85 85 Suicide The most severe form of behavioral response to depression is suicide. Each year some 1 million people commit suicide worldwide. 1.National differences 2.Racial differences 3.Gender differences 4.Age differences 5.Other differences Suicide Statistics

86 86 Biological Perspective Genetic Influences: Mood disorders run in families. The rate of depression is higher in identical (50%) than fraternal twins (20%). Linkage analysis and association studies link possible genes and dispositions for depression. Jerry Irwin Photography

87 87 Neurotransmitters & Depression Post-synaptic Neuron Pre-synaptic Neuron Norepinephrine Serotonin A reduction of norepinephrine and serotonin has been found in depression. Drugs that alleviate mania reduce norepinephrine.

88 88 Biology and Depression Depressed people have lower levels in their diet and blood of a “good” fat: omega-3 fatty acid that enhances brain function

89 89 The Depressed Brain PET scans show that brain energy consumption rises and falls with manic and depressive episodes. Courtesy of Lewis Baxter an Michael E. Phelps, UCLA School of Medicine

90 90 Social-Cognitive Perspective/SELIGMAN The social-cognitive perspective suggests that depression arises partly from self-defeating beliefs and negative explanatory styles.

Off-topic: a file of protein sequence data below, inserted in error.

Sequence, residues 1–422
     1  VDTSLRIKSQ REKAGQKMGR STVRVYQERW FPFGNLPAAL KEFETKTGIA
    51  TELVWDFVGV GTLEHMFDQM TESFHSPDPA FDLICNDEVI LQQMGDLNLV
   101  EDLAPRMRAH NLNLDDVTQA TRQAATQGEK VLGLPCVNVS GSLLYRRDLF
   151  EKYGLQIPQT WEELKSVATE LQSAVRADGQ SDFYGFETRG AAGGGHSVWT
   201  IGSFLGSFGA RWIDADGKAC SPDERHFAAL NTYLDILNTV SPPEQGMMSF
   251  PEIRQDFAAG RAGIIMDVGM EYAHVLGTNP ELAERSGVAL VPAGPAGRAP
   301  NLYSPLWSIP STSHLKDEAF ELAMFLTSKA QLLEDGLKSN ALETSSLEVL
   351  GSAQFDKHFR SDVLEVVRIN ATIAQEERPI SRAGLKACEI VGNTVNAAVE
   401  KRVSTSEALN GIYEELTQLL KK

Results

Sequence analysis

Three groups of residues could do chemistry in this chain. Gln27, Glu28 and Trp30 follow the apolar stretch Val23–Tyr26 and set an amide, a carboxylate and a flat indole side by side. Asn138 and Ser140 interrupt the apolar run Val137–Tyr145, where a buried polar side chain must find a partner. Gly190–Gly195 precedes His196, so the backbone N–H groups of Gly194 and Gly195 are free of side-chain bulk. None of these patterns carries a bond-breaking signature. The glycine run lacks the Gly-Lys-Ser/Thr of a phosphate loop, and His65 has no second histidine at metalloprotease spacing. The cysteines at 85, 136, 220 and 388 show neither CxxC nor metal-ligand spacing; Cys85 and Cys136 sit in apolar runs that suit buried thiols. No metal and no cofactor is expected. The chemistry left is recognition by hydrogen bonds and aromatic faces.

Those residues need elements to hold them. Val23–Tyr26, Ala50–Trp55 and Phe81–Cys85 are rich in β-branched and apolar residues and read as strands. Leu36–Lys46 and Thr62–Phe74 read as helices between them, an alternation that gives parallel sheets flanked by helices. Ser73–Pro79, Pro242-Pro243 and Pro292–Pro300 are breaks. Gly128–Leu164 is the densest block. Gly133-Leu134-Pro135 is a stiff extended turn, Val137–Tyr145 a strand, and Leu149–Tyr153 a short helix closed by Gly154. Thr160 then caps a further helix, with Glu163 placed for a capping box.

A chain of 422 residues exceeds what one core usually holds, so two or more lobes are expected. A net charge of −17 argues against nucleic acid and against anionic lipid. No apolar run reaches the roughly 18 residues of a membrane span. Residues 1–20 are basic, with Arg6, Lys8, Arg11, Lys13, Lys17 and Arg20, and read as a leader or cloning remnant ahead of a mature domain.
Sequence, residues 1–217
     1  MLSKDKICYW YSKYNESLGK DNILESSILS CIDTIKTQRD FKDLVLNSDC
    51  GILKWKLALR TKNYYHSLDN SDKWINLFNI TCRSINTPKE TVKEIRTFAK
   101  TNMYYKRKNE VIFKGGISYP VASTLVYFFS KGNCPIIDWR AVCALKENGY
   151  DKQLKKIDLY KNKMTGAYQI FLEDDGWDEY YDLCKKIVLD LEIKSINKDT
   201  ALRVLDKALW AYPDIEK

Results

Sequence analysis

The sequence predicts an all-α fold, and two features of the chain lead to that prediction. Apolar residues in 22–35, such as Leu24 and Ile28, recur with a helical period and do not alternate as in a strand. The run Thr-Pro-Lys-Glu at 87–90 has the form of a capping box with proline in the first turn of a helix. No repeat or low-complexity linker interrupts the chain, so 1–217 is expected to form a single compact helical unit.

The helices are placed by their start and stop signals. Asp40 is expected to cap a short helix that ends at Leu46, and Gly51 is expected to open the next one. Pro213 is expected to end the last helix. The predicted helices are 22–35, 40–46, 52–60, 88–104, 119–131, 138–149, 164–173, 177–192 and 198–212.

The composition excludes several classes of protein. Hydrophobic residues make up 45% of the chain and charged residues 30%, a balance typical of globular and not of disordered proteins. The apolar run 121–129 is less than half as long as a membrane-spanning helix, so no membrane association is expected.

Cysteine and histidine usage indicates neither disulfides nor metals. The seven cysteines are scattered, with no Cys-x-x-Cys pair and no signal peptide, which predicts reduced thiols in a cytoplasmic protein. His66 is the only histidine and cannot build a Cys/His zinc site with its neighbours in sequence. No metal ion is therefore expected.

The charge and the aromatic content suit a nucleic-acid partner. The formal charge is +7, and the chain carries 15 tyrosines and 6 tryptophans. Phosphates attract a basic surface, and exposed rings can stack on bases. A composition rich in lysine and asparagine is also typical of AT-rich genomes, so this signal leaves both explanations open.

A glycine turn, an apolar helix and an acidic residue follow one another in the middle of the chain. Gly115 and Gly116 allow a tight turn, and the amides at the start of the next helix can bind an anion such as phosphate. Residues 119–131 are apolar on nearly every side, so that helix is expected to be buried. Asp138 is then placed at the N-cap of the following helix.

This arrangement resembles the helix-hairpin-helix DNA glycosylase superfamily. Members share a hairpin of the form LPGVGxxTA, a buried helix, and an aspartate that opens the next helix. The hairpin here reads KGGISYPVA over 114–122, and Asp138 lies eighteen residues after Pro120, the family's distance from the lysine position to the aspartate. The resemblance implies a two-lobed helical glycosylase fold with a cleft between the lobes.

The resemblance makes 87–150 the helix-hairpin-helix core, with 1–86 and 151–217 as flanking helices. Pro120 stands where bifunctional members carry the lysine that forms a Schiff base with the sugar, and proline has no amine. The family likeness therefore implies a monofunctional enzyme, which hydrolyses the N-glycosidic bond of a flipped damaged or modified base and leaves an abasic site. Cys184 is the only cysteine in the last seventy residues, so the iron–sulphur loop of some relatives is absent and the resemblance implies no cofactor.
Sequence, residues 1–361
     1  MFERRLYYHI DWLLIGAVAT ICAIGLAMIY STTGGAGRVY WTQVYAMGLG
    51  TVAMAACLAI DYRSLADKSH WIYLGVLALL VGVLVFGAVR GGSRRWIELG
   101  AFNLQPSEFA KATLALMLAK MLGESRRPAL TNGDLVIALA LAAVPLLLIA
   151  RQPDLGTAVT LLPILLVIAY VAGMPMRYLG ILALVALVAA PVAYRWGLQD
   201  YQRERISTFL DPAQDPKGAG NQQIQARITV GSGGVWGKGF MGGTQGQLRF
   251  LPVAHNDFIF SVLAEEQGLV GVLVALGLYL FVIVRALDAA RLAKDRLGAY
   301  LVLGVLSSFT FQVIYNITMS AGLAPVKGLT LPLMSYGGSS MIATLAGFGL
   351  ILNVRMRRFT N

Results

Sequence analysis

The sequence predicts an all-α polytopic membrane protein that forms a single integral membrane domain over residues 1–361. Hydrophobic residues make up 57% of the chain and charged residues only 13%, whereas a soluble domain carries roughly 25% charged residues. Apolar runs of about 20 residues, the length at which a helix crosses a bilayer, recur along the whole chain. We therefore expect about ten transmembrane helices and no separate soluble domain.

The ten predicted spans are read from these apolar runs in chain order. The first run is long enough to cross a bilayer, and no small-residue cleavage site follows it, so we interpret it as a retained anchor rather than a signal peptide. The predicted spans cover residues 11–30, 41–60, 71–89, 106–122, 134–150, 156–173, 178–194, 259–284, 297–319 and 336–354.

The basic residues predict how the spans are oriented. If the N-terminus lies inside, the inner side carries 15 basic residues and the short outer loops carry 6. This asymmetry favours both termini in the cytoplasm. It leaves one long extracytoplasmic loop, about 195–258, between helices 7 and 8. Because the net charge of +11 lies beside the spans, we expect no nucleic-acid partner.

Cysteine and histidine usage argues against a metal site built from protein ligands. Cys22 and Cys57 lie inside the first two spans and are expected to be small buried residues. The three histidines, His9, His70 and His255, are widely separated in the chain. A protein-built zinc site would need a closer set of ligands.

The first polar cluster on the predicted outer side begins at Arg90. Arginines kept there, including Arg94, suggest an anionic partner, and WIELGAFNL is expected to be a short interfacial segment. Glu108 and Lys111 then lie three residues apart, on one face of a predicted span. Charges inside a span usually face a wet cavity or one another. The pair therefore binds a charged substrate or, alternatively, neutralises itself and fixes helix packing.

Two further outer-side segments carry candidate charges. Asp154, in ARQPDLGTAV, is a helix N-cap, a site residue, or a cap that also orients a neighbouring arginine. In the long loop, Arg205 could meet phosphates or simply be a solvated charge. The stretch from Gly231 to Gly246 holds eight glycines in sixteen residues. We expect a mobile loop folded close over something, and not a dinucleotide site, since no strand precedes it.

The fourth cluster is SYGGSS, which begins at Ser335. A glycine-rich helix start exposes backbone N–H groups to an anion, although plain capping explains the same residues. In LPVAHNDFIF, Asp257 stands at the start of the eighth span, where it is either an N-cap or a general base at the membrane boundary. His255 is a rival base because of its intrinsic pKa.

91 91 Depression Cycle 1.Negative stressful events. 2.Pessimistic explanatory style. May arise from learned helplessness. 3.Hopeless depressed state. 4.These hamper the way the individual thinks and acts, fueling personal rejection.

92 92 Example Explanatory style plays a major role in becoming depressed.

93 93 RISE OF DEPRESSION EXPLAINED BY SELIGMAN Due to epidemic hopelessness (preexisting pessimism encountering failure). Hopelessness due to: rise of individualism decline of commitment to religion and family resulting self-blame with nothing to fall back on

94 94 Women and Depression Women are more likely to suffer from depression Women tend to think, often overthink (ruminate) when trouble arises Differences in emotional memory (more vivid recall of bad experiences)